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Thread: Concert photography

  1. #1
    The Blue Boy's Avatar
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    Mark Fleming

    Concert photography

    Hi all,

    We've had a few questions in the past regarding this subject in the past, so when a friend of mine recently covered the MOBO (Music of Black Origin) Awards ceremony in Liverpool he also wrote quite a good blog about the experience which I thought might be of interest here.

    http://www.londonphotos.biz/blog/archives/217

    Enjoy,

  2. #2
    Shadowman's Avatar
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    Re: Concert photography

    Nice link, very well lit photographs. You usually don't get that kind of lighting setup at events.

  3. #3
    John Morton's Avatar
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    Re: Concert photography

    Quote Originally Posted by Shadowman View Post
    Nice link, very well lit photographs. You usually don't get that kind of lighting setup at events.
    That's for sure! As the linked article says:

    "At concerts and events like this – great shots pass by in a heartbeat, so it helps to have quality, fast glass that focuses quickly and reliably. There’s nothing more annoying than seeing a great shot and missing focus. (Still happens sometimes no matter what you’re using). The light was variable as you’d expect at a show, but I guess the benefit of televised events is that the lighting team are top notch, so you can expect the performers to be well lit for broadcast. Unlike mono colour, backlit only gigs in small, dingy clubs where there’s often little or no light on the artists’ faces. Still – a camera with good low light / high ISO performance is a must have and both my Nikons excel in this."

    Took a bunch of shots for some friends who played a Hallowe'en gig at a local bar where, surprise surprise, the lighting could be described (charitably) as characterisitically that of a "mono colour, backlit only gig(s) in small, dingy club(s)."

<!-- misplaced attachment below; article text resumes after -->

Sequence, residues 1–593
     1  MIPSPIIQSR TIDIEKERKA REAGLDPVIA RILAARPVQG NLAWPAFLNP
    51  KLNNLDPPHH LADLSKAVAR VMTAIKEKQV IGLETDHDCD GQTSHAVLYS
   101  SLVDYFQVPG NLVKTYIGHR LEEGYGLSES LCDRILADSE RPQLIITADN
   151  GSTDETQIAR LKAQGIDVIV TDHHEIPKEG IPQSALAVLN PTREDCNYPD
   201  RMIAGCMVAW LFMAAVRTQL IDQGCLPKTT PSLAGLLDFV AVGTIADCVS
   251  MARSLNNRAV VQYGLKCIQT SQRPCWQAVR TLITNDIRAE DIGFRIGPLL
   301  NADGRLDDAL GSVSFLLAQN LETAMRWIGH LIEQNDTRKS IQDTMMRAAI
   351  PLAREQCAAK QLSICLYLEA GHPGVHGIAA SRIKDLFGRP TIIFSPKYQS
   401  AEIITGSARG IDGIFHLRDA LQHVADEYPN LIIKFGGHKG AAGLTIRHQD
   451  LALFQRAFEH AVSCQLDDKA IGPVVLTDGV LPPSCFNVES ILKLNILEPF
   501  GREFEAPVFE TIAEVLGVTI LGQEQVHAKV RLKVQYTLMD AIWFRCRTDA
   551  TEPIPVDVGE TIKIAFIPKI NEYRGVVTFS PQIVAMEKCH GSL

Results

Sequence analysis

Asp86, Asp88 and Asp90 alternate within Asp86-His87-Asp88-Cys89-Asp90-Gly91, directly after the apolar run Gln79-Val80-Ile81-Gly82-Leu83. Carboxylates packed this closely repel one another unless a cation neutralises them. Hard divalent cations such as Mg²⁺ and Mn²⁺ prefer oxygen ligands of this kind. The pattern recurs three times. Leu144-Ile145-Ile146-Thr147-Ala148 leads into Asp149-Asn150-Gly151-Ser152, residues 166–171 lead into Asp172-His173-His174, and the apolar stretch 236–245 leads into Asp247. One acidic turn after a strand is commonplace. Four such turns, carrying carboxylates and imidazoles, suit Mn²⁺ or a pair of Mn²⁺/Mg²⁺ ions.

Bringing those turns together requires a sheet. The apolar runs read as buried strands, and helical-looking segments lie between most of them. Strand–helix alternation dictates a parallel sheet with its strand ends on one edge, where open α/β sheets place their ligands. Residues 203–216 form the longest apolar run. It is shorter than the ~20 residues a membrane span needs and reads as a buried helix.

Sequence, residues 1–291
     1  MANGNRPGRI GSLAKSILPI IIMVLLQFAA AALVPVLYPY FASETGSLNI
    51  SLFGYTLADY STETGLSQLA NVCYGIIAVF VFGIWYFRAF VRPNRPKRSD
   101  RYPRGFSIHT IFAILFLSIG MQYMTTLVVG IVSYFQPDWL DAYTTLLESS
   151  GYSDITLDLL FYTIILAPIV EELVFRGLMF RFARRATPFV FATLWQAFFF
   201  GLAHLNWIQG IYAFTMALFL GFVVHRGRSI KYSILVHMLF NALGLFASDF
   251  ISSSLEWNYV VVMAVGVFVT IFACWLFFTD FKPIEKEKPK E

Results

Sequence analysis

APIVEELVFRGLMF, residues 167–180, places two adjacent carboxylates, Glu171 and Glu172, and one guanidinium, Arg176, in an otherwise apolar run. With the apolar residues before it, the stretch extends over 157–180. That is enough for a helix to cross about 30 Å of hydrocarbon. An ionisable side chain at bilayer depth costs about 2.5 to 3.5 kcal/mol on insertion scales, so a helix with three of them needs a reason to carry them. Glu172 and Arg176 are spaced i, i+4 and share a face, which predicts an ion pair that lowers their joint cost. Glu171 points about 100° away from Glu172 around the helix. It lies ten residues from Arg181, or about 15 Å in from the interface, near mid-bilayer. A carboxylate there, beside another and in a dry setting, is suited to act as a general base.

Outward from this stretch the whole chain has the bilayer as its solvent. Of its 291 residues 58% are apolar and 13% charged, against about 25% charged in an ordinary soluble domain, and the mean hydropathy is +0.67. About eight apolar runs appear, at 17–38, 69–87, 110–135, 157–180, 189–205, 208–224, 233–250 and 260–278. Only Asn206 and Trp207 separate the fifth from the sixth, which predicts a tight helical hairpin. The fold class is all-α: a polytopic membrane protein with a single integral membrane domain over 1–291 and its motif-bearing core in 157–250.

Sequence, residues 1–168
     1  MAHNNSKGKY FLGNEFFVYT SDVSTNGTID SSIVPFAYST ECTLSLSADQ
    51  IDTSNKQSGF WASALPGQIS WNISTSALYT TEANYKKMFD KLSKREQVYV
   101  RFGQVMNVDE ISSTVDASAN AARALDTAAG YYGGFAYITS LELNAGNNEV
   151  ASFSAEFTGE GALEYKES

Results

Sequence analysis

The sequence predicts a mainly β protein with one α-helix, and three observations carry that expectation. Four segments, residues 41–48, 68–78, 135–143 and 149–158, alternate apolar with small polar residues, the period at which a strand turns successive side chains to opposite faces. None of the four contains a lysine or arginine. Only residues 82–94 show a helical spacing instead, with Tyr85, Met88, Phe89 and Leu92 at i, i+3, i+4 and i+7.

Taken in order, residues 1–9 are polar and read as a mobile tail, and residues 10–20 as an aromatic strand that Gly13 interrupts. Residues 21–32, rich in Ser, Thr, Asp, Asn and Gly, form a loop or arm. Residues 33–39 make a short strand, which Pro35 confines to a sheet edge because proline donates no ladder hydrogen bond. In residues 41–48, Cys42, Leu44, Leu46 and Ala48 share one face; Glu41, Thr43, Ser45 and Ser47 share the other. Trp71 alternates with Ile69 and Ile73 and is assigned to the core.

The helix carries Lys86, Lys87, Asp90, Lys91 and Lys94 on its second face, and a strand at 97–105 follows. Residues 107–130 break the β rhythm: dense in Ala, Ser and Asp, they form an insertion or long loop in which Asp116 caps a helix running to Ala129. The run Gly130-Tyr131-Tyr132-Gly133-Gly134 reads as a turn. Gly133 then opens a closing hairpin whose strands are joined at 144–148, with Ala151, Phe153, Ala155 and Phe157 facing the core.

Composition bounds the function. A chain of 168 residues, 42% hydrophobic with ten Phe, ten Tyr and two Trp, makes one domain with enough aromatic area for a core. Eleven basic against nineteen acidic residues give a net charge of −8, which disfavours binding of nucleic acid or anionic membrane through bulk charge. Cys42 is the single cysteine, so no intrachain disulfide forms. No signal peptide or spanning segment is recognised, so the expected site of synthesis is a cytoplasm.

I'll post a few images with the settings for those interested in more 'real world' concert photography....

    All photos were shot, using available light, with a Nikon D700 and an AF-S Nikkor 50mm f/1.4 G lens. The camera was set to "S" (shutter priority) with Exposure Value (EV) compensation applied.

    I shot as close to the stage as I could, to maximize the amount of light actually reaching my camera.

    The band is called "Abandon Eden."
    They were all in costume (no, that's not their real hair ;-).


    Concert photography


    ISO 800; 1/125 sec; f/1.6; EV -1.67

    <^>


    Concert photography


    ISO 800; 1/125 sec; f/1.6; EV -1.67

    <^>


    Concert photography


    ISO 800; 1/60 sec; f/1.4; EV -1.33

    <^>


    Concert photography


    ISO 800; 1/60 sec; f/1.6; EV -1.33

    <^>


    Concert photography


    ISO 800; 1/125 sec; f/2.2; EV -1.67

    <^>


    These have of course been edited and I did bring back in solid blacks because, hey it was Hallowe'en and where would they be if not "Back In Black"!

  4. #4

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    Nick

    Re: Concert photography

    Thanks for sharing my link Mark Hope people are still awake after reading it!

    John - Not that it's a competition, but I've seen worse lighting than that. Heaven in London was about the hardest to get a shot. No front light to work with, just a little side and a lot of back. Difficult to expose, focus and avoid flare. A triple whammy, you could say. Got very few decent shots that night. Great gig though (Band of Skulls)

  5. #5
    Shadowman's Avatar
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    Re: Concert photography

    Quote Originally Posted by John Morton View Post
    That's for sure! As the linked article says:



    I'll post a few images with the settings for those interested in more 'real world' concert photography....


    These have of course been edited and I did bring back in solid blacks because, hey it was Hallowe'en and where would they be if not "Back In Black"!
    Looking forward to seeing more, you obviously did get as close as possible shooting with only a 50mm.

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